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Online buyers beware: Rio Olympics 'ideal' for cybercrims

Fans of this year’s Olympics are being warned about how they purchase their tickets if they’re planning on heading to Rio for the event.

According to security firm ESET, events such as the 2016 Rio Olympics are ideal targets for fraudsters and cybercriminals. 

Nick FitzGerald, senior research fellow at ESET, says there have already been multiple reports of spam, scam and phishing campaigns orchestrated to take advantage of the significant and highly enthusiastic fans.

“All Australians and New Zealanders heading to Rio and seeking tickets online should be taking appropriate precautions,” he warns,

FitzGerald offers some tips for fans who want to obtain their tickets safely:

Make sure your devices are up to date and secured 

Even before starting a ticket hunt, fans should make sure their operating system and software are up to date, and that they are using a reliable security solution that protects against malicious attacks while browsing or online shopping.

“If the first condition is met, you can start looking for websites that offer tickets for the Olympic Games,” says FitzGerald.

“We know, there are many and it is hard to distinguish the right ones.”

He says the best way to differentiate between the secure and fake sites is to find the authorised reseller in your country via the official list.

“If you have already browsed some other websites, consider checking whether or not your browser displays the “green-lock” icon in the address bar (where the URL is),” FitzGerald suggests.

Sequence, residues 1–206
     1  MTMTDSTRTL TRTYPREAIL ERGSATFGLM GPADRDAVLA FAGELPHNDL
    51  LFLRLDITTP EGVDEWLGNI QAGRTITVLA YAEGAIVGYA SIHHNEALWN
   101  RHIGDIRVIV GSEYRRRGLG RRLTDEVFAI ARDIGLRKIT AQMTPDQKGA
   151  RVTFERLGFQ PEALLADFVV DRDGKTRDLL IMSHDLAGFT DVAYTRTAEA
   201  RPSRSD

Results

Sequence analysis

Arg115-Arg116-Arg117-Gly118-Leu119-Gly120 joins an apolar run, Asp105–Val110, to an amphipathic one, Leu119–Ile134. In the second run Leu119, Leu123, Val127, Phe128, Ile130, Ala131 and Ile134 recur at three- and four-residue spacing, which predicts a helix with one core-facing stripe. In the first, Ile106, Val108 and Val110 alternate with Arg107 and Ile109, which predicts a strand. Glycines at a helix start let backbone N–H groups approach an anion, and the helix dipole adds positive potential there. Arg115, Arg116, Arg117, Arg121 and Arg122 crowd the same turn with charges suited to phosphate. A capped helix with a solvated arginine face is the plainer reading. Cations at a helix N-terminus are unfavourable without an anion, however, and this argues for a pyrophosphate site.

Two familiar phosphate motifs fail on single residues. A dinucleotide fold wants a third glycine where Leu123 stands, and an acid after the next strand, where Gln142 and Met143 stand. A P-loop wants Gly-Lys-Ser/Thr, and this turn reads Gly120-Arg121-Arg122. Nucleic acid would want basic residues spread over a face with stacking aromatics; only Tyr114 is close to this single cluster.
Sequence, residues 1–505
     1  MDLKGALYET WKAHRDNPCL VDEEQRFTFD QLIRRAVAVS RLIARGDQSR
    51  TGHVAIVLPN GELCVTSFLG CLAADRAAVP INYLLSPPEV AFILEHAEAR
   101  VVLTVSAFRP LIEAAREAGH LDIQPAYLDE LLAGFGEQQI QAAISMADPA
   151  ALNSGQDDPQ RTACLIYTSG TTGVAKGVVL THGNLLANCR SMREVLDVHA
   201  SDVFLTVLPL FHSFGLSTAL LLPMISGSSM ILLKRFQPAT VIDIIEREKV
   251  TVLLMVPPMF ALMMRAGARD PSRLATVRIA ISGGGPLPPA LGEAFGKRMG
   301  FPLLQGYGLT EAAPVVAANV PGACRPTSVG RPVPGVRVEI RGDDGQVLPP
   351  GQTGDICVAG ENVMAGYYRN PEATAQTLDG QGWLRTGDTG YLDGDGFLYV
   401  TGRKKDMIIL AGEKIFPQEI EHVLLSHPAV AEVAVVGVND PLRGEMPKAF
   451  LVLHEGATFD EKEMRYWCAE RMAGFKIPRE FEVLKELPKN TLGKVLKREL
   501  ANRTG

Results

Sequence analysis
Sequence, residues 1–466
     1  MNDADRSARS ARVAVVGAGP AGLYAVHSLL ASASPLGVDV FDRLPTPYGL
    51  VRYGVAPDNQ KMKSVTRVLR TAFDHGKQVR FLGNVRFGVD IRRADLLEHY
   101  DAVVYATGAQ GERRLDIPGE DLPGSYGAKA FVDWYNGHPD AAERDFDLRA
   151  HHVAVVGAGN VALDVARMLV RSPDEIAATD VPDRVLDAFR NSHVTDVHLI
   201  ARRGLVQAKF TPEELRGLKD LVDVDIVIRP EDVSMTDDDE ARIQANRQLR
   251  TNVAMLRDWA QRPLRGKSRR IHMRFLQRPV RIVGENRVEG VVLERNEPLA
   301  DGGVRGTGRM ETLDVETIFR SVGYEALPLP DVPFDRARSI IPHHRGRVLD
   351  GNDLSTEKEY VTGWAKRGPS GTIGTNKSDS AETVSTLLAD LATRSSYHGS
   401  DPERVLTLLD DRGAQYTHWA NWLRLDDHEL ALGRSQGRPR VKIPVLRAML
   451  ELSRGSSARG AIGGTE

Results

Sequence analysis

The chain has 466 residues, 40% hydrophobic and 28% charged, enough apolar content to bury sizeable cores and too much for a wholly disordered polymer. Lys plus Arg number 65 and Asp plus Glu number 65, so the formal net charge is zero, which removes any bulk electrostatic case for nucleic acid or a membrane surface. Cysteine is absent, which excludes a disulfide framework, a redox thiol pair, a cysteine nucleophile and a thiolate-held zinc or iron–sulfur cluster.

“If it does, this indicates that the certificate was assigned by a proper certification authority and that your data is protected. If it doesn’t, the safety of your data may be at risk."

However, FitzGerald notes that a “green lock” icon does not indicate anything about the validity of the site.

Selling tickets on social networks is forbidden by the Olympics organisers, so in order to not run into trouble at the venue, FitzGerald says ticket buyers should avoid purchases via this channel.

Re-sell through the official channel

FitzGerald says ticket buyers shouldn’t try and resell their tickets themselves if they have bought tickets and changed their minds.

“If you’ve already bought your tickets, but have changed your mind, don’t try to resell them yourself. Instead, use the official channel created by the organisers -,” he says.

“It provides you with all the necessary instructions, and if sold, you should be fully refunded with no additional costs.”

 “Remember that all events attract the attention of masses of excited fans – ideal targets for cybercriminals,” says FitzGerald.

“To stay safe throughout the Games, don’t fall for their tricks, protect your devices and use official and safe channels to get your tickets. Otherwise, you might end up empty handed, with stolen money or even worse, lost credentials and sensitive information,” he explains.

“Enjoy the Olympics or any other sporting event you are attending safely.

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